B.C. reports 27 more COVID-19 cases, 1 new death, as outbreak declared on Haida Gwaii
Specimens to be tested for COVID-19 are seen at LifeLabs after being logged upon receipt at the company's lab, in Surrey, B.C., on Thursday, March 26, 2020. THE CANADIAN PRESS/Darryl Dyck
VICTORIA -- Health officials in British Columbia have announced 27 more cases of COVID-19 and one additional death from the coronavirus in the province over the last 24 hours.
Health Minister Adrian Dix and provincial health officer Dr. Bonnie Henry also announced a new community outbreak in their update Friday, saying 13 people on Haida Gwaii have tested positive for COVID-19.
The update brings the total number of cases identified in B.C. since the pandemic began to 3,419, and the total number of deaths to 191.
"We offer our condolences to everyone who has lost their loved ones during the COVID-19 pandemic," Henry and Dix said in their written statement.
There are 294 active cases of COVID-19 in B.C., including 12 people who are in hospital with the virus, three of whom are in intensive care.
The number of active cases in the province has decreased since Thursday, thanks to an additional 36 recoveries. A total of 2,934 people who have tested positive for the virus are now considered fully recovered.
Dix and Henry said there have been no new outbreaks in health-care facilities since their last update, leaving the province with two ongoing outbreaks in hospital acute-care units and one in a long-term care facility.
The outbreak on Haida Gwaii is considered a new community outbreak, health officials said. One person who tested positive there has since recovered, while the other 12 cases of COVID-19 are active.
"At this time cases are all local residents," Dix and Henry said of the outbreak. "While the initial source of transmission is still being investigated, the cases are all epidemiologically linked. Some are related residents who had recently travelled off island, and others are from exposure to known cases."
Friday's update comes at the end of a week that has seen continued growth in cases at a higher rate than B.C. had been experiencing in May and June.
Much of the focus from Henry, Dix and Premier John Horgan during their public remarks this week has been on how to hold summer gatherings responsibly, after video of a drum circle in Vancouver's Stanley Park showed hundreds of people failing to maintain proper physical distance from each other.
There have also been more than 80 confirmed cases of COVID-19 associated with two parties held in Kelowna around Canada Day, and officials have said more than 1,000 people are self-isolating as a result of those two public exposure events.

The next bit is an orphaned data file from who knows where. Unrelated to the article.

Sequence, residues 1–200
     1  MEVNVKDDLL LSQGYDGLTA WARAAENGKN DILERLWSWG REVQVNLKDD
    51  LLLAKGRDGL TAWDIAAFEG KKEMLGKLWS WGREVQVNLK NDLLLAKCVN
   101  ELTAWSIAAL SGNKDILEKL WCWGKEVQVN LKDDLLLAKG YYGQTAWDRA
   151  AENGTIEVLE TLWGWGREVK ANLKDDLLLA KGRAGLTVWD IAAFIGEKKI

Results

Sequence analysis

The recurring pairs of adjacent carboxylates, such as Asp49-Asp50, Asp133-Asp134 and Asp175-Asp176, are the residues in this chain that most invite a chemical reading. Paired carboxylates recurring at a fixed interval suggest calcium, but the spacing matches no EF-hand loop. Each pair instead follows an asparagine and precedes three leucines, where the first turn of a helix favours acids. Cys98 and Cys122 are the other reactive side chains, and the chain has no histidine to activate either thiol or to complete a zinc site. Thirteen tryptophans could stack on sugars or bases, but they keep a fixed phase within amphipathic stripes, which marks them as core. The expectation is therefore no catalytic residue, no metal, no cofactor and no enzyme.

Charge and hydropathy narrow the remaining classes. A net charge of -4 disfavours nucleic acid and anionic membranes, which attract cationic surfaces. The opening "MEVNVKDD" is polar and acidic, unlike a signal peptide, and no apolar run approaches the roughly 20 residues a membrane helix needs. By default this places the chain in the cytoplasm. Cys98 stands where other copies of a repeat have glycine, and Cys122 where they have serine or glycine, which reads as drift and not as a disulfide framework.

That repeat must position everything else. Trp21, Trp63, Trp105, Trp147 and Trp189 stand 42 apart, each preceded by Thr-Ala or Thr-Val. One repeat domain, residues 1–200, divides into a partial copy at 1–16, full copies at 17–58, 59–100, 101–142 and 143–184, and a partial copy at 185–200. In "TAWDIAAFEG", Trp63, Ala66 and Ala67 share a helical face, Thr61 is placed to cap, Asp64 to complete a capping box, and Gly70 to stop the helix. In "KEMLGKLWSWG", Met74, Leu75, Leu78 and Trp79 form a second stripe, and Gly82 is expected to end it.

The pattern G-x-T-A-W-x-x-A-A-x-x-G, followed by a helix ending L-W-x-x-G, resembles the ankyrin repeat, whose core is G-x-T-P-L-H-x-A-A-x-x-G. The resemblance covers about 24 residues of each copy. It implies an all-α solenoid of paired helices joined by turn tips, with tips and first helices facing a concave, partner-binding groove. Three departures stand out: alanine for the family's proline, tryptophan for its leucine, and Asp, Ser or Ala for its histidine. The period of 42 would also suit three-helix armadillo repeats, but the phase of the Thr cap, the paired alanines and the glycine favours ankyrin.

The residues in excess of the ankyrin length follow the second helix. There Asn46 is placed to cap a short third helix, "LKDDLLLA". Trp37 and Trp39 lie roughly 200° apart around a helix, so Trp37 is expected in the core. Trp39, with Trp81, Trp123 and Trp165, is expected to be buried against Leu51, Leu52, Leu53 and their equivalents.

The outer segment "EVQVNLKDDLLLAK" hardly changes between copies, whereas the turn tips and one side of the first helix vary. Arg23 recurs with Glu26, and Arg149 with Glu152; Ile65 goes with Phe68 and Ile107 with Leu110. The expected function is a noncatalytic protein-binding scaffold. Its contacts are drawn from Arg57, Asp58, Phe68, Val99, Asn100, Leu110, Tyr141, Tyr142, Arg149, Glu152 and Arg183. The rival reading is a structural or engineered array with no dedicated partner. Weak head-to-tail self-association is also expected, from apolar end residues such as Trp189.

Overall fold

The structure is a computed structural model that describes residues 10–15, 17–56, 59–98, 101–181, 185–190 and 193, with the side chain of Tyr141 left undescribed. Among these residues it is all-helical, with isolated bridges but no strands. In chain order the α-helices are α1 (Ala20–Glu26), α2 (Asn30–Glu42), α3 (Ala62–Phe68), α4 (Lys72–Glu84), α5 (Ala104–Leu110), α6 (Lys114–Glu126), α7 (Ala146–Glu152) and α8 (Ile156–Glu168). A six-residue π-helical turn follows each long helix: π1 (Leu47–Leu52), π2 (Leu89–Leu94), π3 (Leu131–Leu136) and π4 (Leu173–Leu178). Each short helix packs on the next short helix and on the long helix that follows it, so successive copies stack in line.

Several other public exposures have been reported in the Interior Health region since those two gatherings, including at a clothing store, two restaurants and a cycling gym.
“Public health teams are requesting the assistance of anyone who may have been exposed through community exposure to monitor themselves closely for symptoms, minimize time spent with others and get tested promptly if any symptoms arise," Henry and Dix said in their statement Friday.
The pair asked B.C. residents to assess the risks before socializing with others this weekend and for the rest of the summer.
“Can you keep a safe distance from others? Are you giving people the space to stay safe? Are you spending a short time together? Are you outside? Are the people you are with in your bubble? These are the questions we all need to ask ourselves," the health officials said. “If you can’t say yes to these questions, then say no to the activity and choose to do something else instead."
Dix and Henry also promised new rules for short-term vacation and boat rentals, something Henry had mentioned at press briefings earlier in the week.
The provincial health officer and health minister didn't add many specifics about the new regulations in their update Friday, saying only that a new provincial health officer order limiting the number of people who can stay or use such facilities would be put in place "in the coming days."
“Similar to the case in restaurants, the number of people will be determined by the size of the space to ensure safe social interactions for everyone," Henry and Dix said.
Though much of the recent growth in B.C.'s caseload has occurred in B.C.'s Interior, the majority of cases in the province since the pandemic began have been located in the Lower Mainland.
There have been 1,764 confirmed cases of COVID-19 in the Fraser Health region and 1,057 cases in the Vancouver Coastal Health region.
Elsewhere in B.C., there have been 319 confirmed cases in Interior Health, 142 in Island Health, 79 in Northern Health and 58 among people who reside outside Canada.